This on-the-water curriculum uses a multi-disciplinary approach to understanding the ecological, historic, cultural, geological, hydrological characteristics of freshwater estuaries. Developed for use on the Fish Creek & Whittlesey Creek Estuaries in Ashland, WI by Northern Great Lakes Visitor Center UW-Extension educators. This curriculum can be modified for use in other freshwater estuary and coastal wetland environments. Created by UW-Extension educators Cathy Techtmann and Kathleen Morgen with support from the WI Coastal Management Program.
Boozhoo! Bon jour! Hello! We greet you in the languages of the Lake Superior region, past and present. This innovative curriculum explores the relationship between natural resources, economic development, and society’s needs from the pre-European contact days through the fur trade era to today. Originally developed for teaching in a 34-foot voyageur canoe and using “costumed interpretation”, this curriculum investigates the sustainability of past uses of Lake Superior’s coastal resources. It integrates Ojibwe cultural perspectives and reveals an important choice we are facing if we are to live more sustainably. You don’t need to dress as a voyageur to conduct this program– although it adds to the fun! This curriculum can be adapted to any setting to investigate the issue of natural resource sustainability using historic and current perspectives. Created by the UW-Extension voyageur team of Cathy Techtmann, Kathleen Morgen, and Elizabeth Post with support from the WI Coastal Management Program and the WI Environmental Education Board.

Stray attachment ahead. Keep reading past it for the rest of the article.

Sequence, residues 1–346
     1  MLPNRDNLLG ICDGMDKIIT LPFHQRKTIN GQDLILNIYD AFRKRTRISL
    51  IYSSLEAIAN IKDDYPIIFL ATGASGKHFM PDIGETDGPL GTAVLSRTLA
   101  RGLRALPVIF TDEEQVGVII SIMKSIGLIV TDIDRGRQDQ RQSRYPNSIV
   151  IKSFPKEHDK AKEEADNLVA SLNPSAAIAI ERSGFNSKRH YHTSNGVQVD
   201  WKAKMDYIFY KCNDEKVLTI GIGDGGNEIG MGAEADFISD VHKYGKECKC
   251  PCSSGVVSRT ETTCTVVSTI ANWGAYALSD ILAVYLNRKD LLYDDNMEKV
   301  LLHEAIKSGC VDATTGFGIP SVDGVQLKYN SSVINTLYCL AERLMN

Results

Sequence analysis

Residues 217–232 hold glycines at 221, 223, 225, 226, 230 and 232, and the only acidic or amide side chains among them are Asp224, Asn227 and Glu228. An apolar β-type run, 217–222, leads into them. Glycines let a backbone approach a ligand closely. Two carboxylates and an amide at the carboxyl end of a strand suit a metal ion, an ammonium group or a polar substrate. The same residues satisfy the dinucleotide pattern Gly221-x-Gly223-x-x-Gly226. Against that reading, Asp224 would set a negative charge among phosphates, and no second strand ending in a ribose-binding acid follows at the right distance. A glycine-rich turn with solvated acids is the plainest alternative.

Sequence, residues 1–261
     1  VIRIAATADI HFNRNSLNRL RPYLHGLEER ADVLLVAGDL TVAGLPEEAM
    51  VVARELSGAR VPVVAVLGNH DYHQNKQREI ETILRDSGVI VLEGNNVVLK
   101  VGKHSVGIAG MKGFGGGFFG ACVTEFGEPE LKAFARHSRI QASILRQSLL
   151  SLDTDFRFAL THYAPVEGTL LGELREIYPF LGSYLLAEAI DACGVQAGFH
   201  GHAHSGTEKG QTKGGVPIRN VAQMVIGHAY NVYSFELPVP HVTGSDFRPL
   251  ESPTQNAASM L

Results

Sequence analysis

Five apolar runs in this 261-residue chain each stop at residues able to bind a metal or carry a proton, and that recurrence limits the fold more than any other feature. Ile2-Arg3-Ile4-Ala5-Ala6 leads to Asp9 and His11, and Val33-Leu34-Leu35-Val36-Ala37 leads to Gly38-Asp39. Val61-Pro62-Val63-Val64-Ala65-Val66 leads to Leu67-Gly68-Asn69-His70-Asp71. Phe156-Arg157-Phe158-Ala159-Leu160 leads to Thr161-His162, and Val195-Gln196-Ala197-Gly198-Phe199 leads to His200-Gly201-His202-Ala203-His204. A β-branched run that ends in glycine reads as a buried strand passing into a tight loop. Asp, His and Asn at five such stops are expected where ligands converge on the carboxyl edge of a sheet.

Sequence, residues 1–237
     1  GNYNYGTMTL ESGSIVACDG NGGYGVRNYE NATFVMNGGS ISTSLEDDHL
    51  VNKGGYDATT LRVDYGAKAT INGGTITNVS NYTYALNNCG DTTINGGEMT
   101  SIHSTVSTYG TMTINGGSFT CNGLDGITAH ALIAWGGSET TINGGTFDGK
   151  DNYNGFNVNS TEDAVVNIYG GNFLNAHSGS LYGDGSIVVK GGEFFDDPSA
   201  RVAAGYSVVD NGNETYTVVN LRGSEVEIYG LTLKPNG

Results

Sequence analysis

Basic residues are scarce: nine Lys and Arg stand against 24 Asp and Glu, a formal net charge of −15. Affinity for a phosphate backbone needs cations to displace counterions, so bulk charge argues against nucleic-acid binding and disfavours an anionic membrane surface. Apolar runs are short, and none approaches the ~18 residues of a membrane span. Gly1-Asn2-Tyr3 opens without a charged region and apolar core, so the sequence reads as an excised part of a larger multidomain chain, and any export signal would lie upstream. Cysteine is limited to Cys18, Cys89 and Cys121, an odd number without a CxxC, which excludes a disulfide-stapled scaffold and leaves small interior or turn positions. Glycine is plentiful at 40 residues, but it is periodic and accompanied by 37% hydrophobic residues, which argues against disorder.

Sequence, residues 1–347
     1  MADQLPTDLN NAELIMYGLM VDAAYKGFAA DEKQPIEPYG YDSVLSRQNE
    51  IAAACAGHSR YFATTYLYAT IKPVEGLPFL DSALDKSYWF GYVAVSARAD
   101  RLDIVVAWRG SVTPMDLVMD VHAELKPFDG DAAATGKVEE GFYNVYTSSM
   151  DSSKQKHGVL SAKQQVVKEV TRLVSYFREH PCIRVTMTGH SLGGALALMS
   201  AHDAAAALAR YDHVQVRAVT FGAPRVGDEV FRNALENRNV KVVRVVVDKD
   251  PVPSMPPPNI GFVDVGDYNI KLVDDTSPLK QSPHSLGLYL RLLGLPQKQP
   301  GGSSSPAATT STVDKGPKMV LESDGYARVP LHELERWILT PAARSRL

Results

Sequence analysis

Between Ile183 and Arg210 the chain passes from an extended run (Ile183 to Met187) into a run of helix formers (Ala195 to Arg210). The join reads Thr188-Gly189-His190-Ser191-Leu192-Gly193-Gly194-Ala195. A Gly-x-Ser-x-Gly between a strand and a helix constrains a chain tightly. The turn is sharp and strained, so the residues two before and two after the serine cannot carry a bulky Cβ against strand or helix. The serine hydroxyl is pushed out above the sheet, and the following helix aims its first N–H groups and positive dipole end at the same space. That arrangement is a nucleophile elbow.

A cool digital library of native and invasive plants of the Ojibwe Ceded Territory of northern Wisconsin. Real life plant images with Latin, Ojibwe, and English name, habitat description, and notes on traditional uses. A great teaching tool. This project was partnership between the Great Lakes Indian Fish and Wildlife Commission (GLIFWC) and UW-Extension. Created by UW-Extension educator Kathleen Morgen and GLIFWC Biologist Karen Danielson with support from the WI Environmental Education Board.
“Connecting the Coasts” Service Learning Website
A service learning web-based, service learning curriculum for middle and above learners that investigates critical issues affecting the Lake Superior Region, as identified by the Lake Superior Binational Program in their Lakewide Management Plan (LaMP). Learn how to take action in your community to promote a more sustainable future. Created by UW-Extension educator Cathy Techtmann with support from the EPA.
This 15-minute video, produced for the Chequamegon Bay Alliance for Sustainability by UW-Extension educators Cathy Techtmann and Tom Wojciechowski. The reveals how local citizens collaborated to create a model for community sustainability.
Other UW-Extension Environmental Resources
We have many more available on a variety of natural resource and environmental topics at UW-Extension Natural Resources publications.